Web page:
This was a real mixed bag for me.
    I could probably double this list but these were weak and/or too easy : 11,16,22,26,27ac, 23d.
    On the other hand like others I struggled with the NE corner and enjoyed but found 6 d intriguingly complex. I also had to rack my brains to get ‘mint’ which hasn’t been mentioned earlier.
    I like Spoonerisms and this was a good one. It is possible to apply some reasoning to them which I do not find in any other type of clue – long may they continue.
    Last in was ‘turkey’ which was very clever and misleading (cuts?).
    Is Michael Ball a British concert artist? I am not an expert in this field but I was put off entering ‘ballads’ for along time by this grand title.

  24. NeilW says:

    RCW, I’d never heard of him but, once I’d discounted the misdirection of sorts of “British”, I Googled him and found, on his Wiki page, the exact phrase “British concert artist”. It seems that ready access to Google/Wiki is becoming assumed… (That doesn’t mean I approve.)

  25. NeilW says:

    By the way, RCW, if you haven’t yet swept through today’s Anax in the Indy, do try it out – should be to your taste.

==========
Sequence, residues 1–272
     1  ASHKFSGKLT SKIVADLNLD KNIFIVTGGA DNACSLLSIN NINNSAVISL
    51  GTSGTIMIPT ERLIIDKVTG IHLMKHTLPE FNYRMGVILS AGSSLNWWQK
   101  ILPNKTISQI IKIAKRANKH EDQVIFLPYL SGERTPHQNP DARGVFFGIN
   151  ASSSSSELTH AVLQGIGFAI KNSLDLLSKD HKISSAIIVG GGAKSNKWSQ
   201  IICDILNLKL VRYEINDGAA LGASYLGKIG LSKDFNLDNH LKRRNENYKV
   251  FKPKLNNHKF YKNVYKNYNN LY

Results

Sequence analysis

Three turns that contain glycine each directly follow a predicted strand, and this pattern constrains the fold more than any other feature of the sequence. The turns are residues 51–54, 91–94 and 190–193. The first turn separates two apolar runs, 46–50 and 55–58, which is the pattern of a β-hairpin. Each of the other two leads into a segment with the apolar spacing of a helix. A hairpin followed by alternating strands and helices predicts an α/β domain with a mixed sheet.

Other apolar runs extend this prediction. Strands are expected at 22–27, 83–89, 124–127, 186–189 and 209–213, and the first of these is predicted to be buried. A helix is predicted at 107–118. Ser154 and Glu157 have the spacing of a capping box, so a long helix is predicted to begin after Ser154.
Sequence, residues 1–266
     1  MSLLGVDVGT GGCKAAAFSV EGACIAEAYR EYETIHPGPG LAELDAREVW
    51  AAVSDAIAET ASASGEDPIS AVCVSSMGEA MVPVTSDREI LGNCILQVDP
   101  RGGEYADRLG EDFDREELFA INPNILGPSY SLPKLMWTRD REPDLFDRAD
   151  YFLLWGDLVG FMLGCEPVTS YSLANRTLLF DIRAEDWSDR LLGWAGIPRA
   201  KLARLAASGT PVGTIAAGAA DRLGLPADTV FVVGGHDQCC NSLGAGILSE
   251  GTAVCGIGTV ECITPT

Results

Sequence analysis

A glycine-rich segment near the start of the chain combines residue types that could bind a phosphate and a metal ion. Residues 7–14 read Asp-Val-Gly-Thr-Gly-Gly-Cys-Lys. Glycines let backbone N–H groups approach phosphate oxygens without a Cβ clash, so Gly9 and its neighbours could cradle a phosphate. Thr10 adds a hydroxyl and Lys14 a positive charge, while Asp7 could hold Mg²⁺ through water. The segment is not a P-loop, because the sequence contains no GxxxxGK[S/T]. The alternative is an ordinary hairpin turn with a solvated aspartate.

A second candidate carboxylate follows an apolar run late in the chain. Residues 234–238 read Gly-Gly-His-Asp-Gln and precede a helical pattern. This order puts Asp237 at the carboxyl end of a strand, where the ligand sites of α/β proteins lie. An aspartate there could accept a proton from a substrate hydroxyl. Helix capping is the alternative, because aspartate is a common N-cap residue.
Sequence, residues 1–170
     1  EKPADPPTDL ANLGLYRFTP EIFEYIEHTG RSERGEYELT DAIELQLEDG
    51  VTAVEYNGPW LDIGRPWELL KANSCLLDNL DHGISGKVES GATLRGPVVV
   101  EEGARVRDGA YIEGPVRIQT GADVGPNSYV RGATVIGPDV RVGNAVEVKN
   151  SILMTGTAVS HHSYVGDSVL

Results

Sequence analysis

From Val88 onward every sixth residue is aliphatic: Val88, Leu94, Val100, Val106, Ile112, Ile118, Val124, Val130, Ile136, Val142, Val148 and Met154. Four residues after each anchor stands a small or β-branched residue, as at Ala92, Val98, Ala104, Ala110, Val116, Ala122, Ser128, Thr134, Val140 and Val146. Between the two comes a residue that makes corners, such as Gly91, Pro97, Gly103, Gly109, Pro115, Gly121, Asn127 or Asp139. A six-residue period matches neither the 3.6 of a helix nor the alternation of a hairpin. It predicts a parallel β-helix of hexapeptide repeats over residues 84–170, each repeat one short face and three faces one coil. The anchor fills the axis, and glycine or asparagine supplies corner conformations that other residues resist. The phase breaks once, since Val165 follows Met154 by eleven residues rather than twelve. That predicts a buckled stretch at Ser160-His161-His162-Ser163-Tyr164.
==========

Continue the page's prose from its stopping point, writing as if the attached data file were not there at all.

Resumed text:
26. Mitz says:

    Thanks Qaos and Uncle Yap.

    I have come to the conclusion that these ‘unannounced’ themes are my favourite type. Just a few hints here and there in the clues, and the occasional answer that nudges you further along, and once the grid is complete usually a couple pop out that you didn’t even notice while solving.

    Like most, I found some of this puzzle easy but some areas quite challenging, and I’m another that filled in the NE last, with TURKEY and MINT being last of all.

    I like Spooner clues, and thought 17 was a good ‘un. I agree with RCW about the form in general being unusual in that it is possible to apply reasoning, unlike with most other clue types.

    STATESPERSONS was an odd one. Reminded me of Uni days, where certain budding politicians in the Students’ Union would do themselves (and political correctness) no favours at all by eschewing the word “man” in favour of “person” (fair enough) but would then go too far by ditching “person” in favour of “per-kin”.

  27. Colin says:

    Thanks Neilw. It all makes perfect sense now.

  28. chas says:

    Thanks to UY for the blog. You explained a couple of cases where I had the right answer without understanding why.

    I also thought 9a was poor: no hint in the clue that the answer was concealed.

    I am moderately familiar with the Rime but totally failed to see the theme :(

  29. Paul B says:

    Perhaps the problem is that we have a Spoonerism for ‘cheese looks’ rather than ‘cheese looks like’? I’ve looked up ‘seem’ in Collins to check, but I fear we might be missing something.

    Bloody good poem though.

  30. Giovanna says: